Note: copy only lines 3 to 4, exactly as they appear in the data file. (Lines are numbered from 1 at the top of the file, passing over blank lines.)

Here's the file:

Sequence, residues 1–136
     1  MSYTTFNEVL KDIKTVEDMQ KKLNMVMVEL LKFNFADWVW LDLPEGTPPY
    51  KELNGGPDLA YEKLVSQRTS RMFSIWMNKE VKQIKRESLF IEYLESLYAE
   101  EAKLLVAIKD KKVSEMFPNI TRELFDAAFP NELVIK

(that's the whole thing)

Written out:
    51  KELNGGPDLA YEKLVSQRTS RMFSIWMNKE VKQIKRESLF IEYLESLYAE
   101  EAKLLVAIKD KKVSEMFPNI TRELFDAAFP NELVIK